In trying to understand this answer to my earlier question, can someone explain why it is important that the cameras are not in the same plane when the focal distance is large compared to the separation between the cameras and the object?

What is meant by "looking in"?

Does this change if the number of views/cameras increases?


"Looking-in" simply means that the cameras will need to be angled such that their principal axes cross over at some point in front of the camera (rather than being parallel as is often assumed for stereo work)

The reason for doing this when the cameras are far apart is also simple:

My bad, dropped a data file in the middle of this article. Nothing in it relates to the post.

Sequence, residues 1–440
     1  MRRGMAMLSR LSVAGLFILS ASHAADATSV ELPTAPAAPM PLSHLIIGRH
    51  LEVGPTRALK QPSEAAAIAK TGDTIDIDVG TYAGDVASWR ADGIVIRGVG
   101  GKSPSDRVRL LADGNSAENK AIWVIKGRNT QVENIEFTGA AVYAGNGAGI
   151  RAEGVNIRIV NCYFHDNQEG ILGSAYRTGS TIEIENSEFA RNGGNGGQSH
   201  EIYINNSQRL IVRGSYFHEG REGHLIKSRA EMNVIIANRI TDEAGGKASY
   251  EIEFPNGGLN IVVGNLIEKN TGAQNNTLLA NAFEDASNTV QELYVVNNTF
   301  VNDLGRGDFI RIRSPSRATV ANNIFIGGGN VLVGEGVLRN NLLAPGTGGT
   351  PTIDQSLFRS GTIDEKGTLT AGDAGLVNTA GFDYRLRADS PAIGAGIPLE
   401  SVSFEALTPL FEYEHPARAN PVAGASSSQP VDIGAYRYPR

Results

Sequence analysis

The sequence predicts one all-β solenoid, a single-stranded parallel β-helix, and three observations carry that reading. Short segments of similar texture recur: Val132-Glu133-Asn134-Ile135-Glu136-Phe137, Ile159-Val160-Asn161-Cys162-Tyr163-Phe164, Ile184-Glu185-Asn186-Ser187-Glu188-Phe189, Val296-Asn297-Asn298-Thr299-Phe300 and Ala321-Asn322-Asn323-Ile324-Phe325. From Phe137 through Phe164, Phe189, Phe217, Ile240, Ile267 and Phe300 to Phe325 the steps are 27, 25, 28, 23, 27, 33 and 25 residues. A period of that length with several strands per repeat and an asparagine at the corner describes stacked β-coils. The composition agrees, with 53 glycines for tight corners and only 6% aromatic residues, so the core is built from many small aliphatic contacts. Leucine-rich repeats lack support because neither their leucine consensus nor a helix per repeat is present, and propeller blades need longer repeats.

Stereo requires you to match features from one image to the other. Hence the cameras must both have a view of the objects you are interested in. Parallel cameras only overlap when the object is sufficiently far away - by pointing them inwards, you can solve this. (Of course, if your object looks significantly different from the two viewpoints, you still won't be able to do a good stereo match.)


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